The Amazon rainforest is under threat: here’s how you can help
With an estimated three football fields of the Amazon being cleared every minute, and a political administration that has so far overseen an eighty-five percent increase in forest fires across Brazil – with more than half of them in the Amazon region – the most bio-diverse habitat on our planet is in peril like never before.
What’s happening in the Amazon?
The French and German governments are calling the situation an ‘international crisis’ as they head to August’s G7 summit, and the Brazilian state of Amazonas has already declared a state of emergency over the thousands of deliberately-planned fires burning throughout the two million square miles of forest often referred to as ‘the lungs of the planet.’
While this sudden escalation in destruction has provoked disbelief and outrage online, there are plenty of people wondering what they can actually do to proactively help avert what many view as an ongoing global disaster. Here are a few ways in which you can help the Amazon rainforest.
Reduce consumption of damaging products
One way of helping the Amazon rainforest is to reduce your consumption of some of the products that are driving the deforestation. It’s estimated that around eighty percent of deforestation in the Amazon is driven by cattle ranchers, who in turn are responding to the global desire for cheap beef. So consider cutting down on the steaks and burgers unless you’re sure they’ve been sustainably sourced.
After beef, soy is the next biggest driver of deforestation in the Amazon region. With the ongoing US-China trade war, Brazilian agribusiness has been expanding its already hugely lucrative and environmentally damaging production of soy beans. Around eighty percent of Amazonian soy beans are fed to livestock, such as cows and pigs, but they can also be found in consumable products such as tofu, cooking oil, and some meat substitutes.
Donate to reputable NGOs
If you’re looking to donate money to an NGO, then there are plenty of deserving recipients doing important work on the front-line of this environmental war. Kanindé, located in the Amazonian state of Rondônia, is a local NGO that provides on-the-ground support and protection for the many indigenous groups within the state.
You can also consider donating to the Instituto Socioambiental, another highly respected Brazilian NGO that has been instrumental in defending the rights of the country’s indigenous population and protecting the Amazon’s unique natural habitats.
To help reporters on the ground, you could make a donation to InfoAmazonia and Amazônia Real two non-profit news providers who report on human rights abuses and environmental crimes directly from the Amazon.
To help support those that are monitoring the ongoing crisis, you can donate money to IPAM (Instituto de Pesquisas Ambientais da Amazônia), which produces important maps, reports and initiatives that have positively impacted Brazilian public policy.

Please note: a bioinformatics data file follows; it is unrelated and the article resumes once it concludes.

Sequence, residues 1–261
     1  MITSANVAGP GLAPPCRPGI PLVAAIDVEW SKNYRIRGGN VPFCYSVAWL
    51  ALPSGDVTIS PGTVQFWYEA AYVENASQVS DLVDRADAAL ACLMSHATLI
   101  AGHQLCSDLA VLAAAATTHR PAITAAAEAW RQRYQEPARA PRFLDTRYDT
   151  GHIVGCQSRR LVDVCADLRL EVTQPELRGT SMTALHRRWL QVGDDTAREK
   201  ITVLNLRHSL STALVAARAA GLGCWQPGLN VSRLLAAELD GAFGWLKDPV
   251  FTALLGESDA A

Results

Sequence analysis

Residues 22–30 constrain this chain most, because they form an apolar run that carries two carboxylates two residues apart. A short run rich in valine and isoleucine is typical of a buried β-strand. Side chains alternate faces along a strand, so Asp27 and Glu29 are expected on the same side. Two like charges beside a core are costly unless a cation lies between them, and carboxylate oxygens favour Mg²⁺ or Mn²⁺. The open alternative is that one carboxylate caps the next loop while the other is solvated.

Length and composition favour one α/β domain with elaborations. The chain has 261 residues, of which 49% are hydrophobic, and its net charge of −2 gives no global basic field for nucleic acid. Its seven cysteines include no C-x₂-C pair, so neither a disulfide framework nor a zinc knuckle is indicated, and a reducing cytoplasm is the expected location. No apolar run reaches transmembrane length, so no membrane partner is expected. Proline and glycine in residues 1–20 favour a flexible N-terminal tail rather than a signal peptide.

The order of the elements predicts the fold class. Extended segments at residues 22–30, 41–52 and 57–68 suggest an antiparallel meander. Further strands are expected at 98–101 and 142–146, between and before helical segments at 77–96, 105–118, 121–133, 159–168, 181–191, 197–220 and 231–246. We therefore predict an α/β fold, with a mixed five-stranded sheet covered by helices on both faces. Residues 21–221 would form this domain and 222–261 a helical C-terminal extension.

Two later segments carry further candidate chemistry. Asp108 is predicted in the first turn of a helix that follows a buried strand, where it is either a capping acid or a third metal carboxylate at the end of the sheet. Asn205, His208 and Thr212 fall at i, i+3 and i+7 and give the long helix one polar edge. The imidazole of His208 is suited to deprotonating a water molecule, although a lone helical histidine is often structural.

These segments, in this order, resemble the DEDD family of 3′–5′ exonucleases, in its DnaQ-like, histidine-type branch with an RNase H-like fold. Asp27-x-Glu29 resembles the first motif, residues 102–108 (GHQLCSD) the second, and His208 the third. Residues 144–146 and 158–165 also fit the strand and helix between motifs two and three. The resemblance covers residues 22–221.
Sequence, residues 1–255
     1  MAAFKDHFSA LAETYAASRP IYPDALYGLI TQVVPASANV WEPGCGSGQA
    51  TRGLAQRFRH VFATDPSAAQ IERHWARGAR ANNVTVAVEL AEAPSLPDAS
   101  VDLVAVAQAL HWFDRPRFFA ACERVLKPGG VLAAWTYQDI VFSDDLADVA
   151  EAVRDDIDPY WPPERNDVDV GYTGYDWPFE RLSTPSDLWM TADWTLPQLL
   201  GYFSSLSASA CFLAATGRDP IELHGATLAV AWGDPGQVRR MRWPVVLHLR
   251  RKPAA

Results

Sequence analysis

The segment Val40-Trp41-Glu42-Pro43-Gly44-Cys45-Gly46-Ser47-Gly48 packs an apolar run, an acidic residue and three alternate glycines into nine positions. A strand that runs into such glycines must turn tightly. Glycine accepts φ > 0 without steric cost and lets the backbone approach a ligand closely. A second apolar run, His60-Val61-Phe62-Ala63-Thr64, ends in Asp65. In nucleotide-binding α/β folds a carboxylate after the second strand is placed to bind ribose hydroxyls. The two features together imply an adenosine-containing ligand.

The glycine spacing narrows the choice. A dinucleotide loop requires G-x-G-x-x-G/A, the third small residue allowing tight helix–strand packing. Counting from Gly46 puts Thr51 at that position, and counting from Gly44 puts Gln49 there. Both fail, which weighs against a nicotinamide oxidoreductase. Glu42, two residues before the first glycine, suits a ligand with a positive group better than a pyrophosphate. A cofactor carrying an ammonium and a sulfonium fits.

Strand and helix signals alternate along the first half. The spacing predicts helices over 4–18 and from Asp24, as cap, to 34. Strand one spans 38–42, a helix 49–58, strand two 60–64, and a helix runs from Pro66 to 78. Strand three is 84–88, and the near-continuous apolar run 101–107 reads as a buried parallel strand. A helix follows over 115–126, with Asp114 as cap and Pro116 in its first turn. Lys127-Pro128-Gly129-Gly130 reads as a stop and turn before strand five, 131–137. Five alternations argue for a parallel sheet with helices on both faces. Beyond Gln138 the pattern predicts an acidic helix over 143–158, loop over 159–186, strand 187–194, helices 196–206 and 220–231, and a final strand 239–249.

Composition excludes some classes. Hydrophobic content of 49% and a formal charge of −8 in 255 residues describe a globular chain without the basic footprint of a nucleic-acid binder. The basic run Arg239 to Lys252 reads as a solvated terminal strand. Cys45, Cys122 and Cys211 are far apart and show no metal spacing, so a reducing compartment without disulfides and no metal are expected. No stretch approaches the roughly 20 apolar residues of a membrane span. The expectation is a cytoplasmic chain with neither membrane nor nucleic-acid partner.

Imazon is another non-profit research institution that has promoted sustainable development in the Amazon region by publishing hundreds of scientific papers over the last 24 years, influencing decision-makers and public policy, as well as offering training in the fields of ecology, environmental law, rural planning and other key areas.
You can still make a difference without having to give away your money. There are plenty of petitions to sign, such as Change.org’s ‘Stop the burning of the Amazon rainforest!’ or Greenpeace’s ‘Save the Amazon and stand with the guardians of the forest.’ Another way to influence the decision makers near you is to write to your local political representative.
Travel with an eco-consciousness
Another way to support the Amazon is to visit the area by either booking with an eco-friendly tour operator or staying at one of the many sustainable hotels and lodges located within the jungle. Responsible tourism is one way that the Amazon’s inhabitants can boost employment, protect their habitats, and sustainably grow their economy.
Sumak Travel a registered ethical tour operator, provides a private thirty-hour river boat journey up the Rio Negro to a natural reserve where visitors can meet the indigenous people of Xixuau, go on guided forest hikes, and see a stunning array of local wildlife.
The Juma Amazon Lodge is a sustainably crafted solar-powered property nestled in the heart of the Amazon rainforest. With over 90 percent of their staff coming from the local area, the lodge provides field trips, eco-tours and educational lectures that ensure your stay has the most positive impact possible.
Situated within a 12,000 hectare private nature reserve in the north of Brazil’s Mato Grosso state, the Cristalino Lodge offers a combination of comfort and responsible tourism. Daily activities include forest trails, canoeing and visiting local conservation projects. All of the lodge’s bungalows make us of solar-heated water and bio-waste treatment.